What Do I Do When A Work-Related Incident Occurs?

It is important to understand what to do when an incident occurs:

First, evaluate an employee’s need for medical treatment. 
If they need medical treatment, direct them to an Urgent Care facility (avoid the Hospital and Emergency Rooms unless the injury requires emergency care)
Have the injured worker walk you through the details - show you what happened, and take pictures of the area. The smallest of details can often be the biggest piece of the puzzle. Getting a statement from the employee in their own words and handwriting can be crucial.
The employee’s supervisor should complete a formal incident report and send notice of the incident to your Workers’ Compensation Carrier as soon as possible after the event – which may be minutes after but certainly within 12-24 hours.
Have witnesses write down what they heard and saw. Be sure they provide their contact information in case the carrier needs to be in contact with them for further information.
Share all information with the assigned adjuster so that they have all the facts to make a compensability decision and proceed with the claim accordingly.
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Internal investigations are extremely important. Pay attention to details because the simplest detail can often make a difference. After the claim is reported, your role as the employer is not finished.  Your job is to stay in contact with the injured employee and the adjuster throughout the life of the claim. It is important to check in on your employee and see how they are doing.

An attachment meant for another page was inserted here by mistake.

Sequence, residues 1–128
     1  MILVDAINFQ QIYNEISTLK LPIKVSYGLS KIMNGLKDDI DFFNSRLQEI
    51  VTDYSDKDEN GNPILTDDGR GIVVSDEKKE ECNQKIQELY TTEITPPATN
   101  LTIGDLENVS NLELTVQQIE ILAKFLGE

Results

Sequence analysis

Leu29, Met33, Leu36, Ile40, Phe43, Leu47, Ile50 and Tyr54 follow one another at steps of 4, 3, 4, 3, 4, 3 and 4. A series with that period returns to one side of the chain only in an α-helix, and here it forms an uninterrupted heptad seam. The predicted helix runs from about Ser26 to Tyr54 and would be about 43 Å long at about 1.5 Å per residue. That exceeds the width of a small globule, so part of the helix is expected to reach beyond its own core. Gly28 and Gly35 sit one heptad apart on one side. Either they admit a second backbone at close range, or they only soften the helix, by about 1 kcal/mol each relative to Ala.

Having open communication with the injured worker, especially if they are home recuperating and not at work, will show them you care and that they are not alone. If there are issues or concerns, reach out to the adjuster and your risk advisor for assistance. Many times, the extra step of checking in frequently on the injured worker will help keep your claim out of litigation.  

It is important to note that not everything that happens at work is compensable. That is why a detailed investigation is needed and all facts/rumors/details need to be provided to the adjuster from the start. Your accident investigation process is paramount to the overall workers’ compensation program.

What Types of Claims Are Filed Under Workers’ Compensation?

There are several different types of claims reported under Workers’ Compensation:

Report Only

  • This type of claim is not investigated.
  • Nothing will be paid on the file.
  • It is reported as For Information Only.

Medical Only

  • Incident is not questionable (smashed a finger)

  • Minor medical treatment is required– minimal reserves are placed on the file.

  • The employee did not lose time away from work (per the state guidelines).

  • They are not investigated.

Lost Time/Indemnity

  • The worker is unable to work per the authorized doctor, or the employer cannot accommodate their restrictions for more than 7 calendar days.